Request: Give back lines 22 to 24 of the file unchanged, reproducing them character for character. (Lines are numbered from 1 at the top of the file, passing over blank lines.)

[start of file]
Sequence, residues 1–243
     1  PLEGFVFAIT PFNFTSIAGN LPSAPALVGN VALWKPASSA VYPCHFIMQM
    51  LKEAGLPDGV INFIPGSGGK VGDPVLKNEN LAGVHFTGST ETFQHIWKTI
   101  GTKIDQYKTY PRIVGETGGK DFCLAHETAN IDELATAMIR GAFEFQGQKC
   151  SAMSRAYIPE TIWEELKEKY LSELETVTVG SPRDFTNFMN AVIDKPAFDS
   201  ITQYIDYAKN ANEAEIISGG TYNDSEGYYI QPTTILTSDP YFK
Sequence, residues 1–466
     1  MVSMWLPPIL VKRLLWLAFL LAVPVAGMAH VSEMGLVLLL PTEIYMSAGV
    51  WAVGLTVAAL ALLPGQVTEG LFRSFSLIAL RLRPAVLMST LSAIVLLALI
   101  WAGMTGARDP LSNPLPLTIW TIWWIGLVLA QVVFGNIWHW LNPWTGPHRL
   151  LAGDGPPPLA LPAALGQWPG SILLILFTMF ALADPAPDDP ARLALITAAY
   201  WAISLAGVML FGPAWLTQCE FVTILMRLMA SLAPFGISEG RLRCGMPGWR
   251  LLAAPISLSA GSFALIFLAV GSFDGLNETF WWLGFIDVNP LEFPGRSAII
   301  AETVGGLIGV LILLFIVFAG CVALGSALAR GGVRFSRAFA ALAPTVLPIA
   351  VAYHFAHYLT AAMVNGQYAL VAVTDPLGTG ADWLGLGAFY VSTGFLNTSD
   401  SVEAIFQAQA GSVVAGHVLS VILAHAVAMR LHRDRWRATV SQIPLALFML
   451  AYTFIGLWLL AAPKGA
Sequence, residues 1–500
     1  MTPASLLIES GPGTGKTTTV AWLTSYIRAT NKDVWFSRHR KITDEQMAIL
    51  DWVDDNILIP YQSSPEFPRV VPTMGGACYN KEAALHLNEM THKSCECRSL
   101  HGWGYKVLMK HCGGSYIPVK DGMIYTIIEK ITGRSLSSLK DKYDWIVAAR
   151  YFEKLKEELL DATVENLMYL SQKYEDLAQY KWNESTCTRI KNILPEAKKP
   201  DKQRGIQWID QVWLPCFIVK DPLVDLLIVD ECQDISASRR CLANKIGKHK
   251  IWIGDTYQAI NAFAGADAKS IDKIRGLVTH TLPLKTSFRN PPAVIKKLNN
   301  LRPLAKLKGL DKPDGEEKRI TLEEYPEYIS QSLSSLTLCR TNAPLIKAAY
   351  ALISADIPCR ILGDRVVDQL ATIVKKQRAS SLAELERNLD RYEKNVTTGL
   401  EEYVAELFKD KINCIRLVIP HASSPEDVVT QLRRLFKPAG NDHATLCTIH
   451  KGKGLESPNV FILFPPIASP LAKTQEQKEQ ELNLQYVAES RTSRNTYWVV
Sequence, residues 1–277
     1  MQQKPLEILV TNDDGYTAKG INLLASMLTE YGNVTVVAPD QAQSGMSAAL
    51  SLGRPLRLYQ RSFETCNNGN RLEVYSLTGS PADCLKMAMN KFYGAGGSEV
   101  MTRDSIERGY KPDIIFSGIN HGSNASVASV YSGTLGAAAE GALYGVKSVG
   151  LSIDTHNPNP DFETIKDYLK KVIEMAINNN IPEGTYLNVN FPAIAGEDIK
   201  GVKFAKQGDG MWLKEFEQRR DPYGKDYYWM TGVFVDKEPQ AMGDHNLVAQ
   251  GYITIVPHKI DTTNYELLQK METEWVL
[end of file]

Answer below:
   151  YFEKLKEELL DATVENLMYL SQKYEDLAQY KWNESTCTRI KNILPEAKKP
   201  DKQRGIQWID QVWLPCFIVK DPLVDLLIVD ECQDISASRR CLANKIGKHK
   251  IWIGDTYQAI NAFAGADAKS IDKIRGLVTH TLPLKTSFRN PPAVIKKLNN